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What Do You Have in Common with a Low-Income Indian Mother? More Than You Think

Imagine this: You wake up early, as always, to prepare breakfast for your family. Wiping the sleep from your eyes you shuffle to the kitchen...

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Imagine this: You wake up early, as always, to prepare breakfast for your family. Wiping the sleep from your eyes you shuffle to the kitchen and light the stove—out comes billowing black smoke that immediately fills the room. Business as usual. You put on a pot of water to boil porridge. Your 3-year-old is now awake and comes over to watch you cook. They lean against soot-blackened walls and cough chronically as you continue cooking, learning how it’s done. You try to keep low, below the acrid smoke, as you feed the stove and stir the porridge, eyes watering. Breakfast should be ready soon, which is good because the rest of the family is waking up. As the porridge simmers, your mind turns to the day ahead—fetching wood, carrying water, going to market, preparing dinner… Overhead the coal-black thatch roof crouches over you, suspended on a pillow of smoke, but you pay it no mind. After all, it’s been that way since before you were born.
Smoke is known to be toxic. It kills young children around the world at a rate exceeded only by the drama and trauma of childbirth. The negative impact on adult heart disease and life expectancy from cooking in kitchens such as this is well documented. To those who understand the ramifications of breathing smoke and who, importantly, have exposure to other cooking methods, the harm is literally written on the soot-covered wall.
But that’s just the point. You, and the billions of other people who routinely cook their meals in this fashion, don’t know any other way. Your mother, grandmother, and great-grandmother all cooked like this. And even when you and your peers are informed as to the harm of your approach, you persist. It seems far-fetched to think that a pervasive and ancient cultural practice could be such a vicious killer. Besides, it’s what you know and are comfortable with—it’s what everyone does. So you continue, and the lungs of your family continue to fill with smoke.

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School Safety Takes More Than Guns, It Requires Attention to the Deep Roots of Violence

If our sole response to guns in schools is more security personnel, then our only plan is to stop a rampage with brute force.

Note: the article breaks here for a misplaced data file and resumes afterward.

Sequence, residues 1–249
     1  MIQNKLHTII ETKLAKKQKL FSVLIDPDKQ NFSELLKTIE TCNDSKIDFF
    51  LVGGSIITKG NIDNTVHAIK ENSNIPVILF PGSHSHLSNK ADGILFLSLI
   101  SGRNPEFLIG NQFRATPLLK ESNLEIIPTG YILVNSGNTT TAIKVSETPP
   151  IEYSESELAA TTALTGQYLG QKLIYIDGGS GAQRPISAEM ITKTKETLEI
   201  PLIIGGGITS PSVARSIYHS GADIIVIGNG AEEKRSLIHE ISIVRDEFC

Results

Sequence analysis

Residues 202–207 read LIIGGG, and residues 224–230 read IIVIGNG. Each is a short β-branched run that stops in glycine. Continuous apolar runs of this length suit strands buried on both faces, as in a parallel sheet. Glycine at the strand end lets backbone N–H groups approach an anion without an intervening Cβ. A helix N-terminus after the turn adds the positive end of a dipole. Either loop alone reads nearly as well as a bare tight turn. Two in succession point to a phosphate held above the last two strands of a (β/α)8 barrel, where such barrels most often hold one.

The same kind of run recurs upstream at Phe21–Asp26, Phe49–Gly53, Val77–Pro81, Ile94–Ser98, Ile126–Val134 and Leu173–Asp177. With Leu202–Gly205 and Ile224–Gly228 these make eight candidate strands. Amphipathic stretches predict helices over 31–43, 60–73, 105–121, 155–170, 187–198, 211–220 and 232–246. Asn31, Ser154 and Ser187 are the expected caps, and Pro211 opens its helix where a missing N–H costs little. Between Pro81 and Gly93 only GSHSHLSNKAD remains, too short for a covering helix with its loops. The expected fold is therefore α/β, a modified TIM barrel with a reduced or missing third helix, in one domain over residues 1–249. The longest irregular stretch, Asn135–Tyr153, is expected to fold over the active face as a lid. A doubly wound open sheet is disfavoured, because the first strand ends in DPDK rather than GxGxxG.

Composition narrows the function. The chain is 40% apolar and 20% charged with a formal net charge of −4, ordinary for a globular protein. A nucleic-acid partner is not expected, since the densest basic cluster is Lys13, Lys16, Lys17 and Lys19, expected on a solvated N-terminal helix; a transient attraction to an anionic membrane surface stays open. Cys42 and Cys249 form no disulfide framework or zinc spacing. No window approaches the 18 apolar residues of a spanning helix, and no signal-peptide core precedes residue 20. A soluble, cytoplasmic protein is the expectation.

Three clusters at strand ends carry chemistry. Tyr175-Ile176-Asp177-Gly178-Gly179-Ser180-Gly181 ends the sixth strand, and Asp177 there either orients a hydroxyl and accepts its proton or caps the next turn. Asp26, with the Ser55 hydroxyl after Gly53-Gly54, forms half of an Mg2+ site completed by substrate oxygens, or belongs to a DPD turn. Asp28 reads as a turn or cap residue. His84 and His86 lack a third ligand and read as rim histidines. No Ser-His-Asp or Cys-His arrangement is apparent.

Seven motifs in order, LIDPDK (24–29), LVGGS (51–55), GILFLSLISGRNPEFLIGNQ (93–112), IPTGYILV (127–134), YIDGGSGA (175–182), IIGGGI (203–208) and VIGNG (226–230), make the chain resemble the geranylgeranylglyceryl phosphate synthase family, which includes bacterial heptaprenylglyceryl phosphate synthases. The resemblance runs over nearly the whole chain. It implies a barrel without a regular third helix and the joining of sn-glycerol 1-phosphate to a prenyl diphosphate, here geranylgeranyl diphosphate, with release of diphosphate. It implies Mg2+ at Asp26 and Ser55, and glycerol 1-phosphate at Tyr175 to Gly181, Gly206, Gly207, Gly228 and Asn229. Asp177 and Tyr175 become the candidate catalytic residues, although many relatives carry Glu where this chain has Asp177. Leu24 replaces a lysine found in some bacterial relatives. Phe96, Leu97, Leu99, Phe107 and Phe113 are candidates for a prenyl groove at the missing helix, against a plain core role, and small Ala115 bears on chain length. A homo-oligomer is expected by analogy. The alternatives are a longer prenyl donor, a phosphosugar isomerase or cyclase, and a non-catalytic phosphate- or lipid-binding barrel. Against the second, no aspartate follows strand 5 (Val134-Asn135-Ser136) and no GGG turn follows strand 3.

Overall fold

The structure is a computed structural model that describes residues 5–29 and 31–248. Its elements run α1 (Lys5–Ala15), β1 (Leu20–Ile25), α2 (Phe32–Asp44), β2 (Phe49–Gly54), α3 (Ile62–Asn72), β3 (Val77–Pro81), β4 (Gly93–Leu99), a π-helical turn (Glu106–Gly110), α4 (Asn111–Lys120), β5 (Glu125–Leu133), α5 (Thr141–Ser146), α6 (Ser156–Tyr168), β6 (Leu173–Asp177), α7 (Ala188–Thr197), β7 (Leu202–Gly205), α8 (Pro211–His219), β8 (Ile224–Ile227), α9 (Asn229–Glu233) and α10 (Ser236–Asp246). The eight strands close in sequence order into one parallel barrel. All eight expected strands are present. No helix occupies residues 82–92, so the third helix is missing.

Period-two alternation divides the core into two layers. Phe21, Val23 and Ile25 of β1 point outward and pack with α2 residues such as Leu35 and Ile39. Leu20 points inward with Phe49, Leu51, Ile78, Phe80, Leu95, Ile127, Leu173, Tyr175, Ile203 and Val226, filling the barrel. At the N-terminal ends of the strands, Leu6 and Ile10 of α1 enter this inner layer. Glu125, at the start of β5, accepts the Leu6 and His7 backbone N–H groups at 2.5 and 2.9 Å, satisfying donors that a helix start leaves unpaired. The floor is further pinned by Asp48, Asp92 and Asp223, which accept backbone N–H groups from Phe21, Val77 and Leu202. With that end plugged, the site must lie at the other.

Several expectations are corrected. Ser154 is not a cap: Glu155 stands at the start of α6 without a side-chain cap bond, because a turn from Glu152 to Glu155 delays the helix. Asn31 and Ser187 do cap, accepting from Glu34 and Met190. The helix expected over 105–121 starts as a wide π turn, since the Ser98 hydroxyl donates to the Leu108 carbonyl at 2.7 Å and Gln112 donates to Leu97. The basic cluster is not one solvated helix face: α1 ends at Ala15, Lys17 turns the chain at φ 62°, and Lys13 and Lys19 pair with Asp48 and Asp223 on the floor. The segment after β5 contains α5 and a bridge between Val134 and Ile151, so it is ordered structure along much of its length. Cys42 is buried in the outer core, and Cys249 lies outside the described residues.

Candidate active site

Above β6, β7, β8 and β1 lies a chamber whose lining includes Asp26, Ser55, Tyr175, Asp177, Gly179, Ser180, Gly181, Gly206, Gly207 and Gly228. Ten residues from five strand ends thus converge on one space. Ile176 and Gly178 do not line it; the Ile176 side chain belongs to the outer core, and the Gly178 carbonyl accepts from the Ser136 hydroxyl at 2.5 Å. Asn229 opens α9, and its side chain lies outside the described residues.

In the wake of the Sandy Hook tragedy, where 20 young children and 6 adults were killed by a gunman, the issue of school safety is on the mind of every parent and educator. No one disputes that our schools must be safe and our children must feel safe inside of them. But the debate over how to achieve that goal has become a national conversation with many ideas, from allowing teachers to carry concealed weapons to stationing attack dogs inside schools.

Here in Los Angeles, we have increased police patrols in schools and this week, Superintendent John Deasy will put a proposal before the School Board to hire 1,087 new part-time aides at elementary, middle, and span campuses. This staff will be performing security duties as well as conflict mediation. As the Los Angeles Unified School Board representative for District 4, I support adding this additional layer of security to our schools and will support adding school police officers to middle and high schools as well. But our schools and our children will not be safe until we take a holistic and comprehensive approach to ending violence by increasing mental health services and focusing on social-emotional learning models (SEL) that are proven to decrease problem behaviors and increase academic success.

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Should Colleges Give Grades For Emotional Intelligence?

Asheville-Buncombe TCC plans to give grades on soft skills like getting along with others and being on time.


When we talk about educating our way out of the skills gap, the discussion tends to focus on how we funnel more students into science or technology majors or helping current workers gain in-demand skills. But companies aren't just looking for employees with specific content knowledge and skills. They want folks with "soft skills"—emotional intelligence and social graces—too. So if we need to educate and train the next generation to be ready for the 21st century workforce, should colleges be emphasizing and giving grades on those too?

That's the plan at North Carolina's Asheville-Buncombe Technical Community College. According to Inside Higher Ed, the school intends to give "workplace readiness certificates" to students who demonstrate mastery of soft skills.

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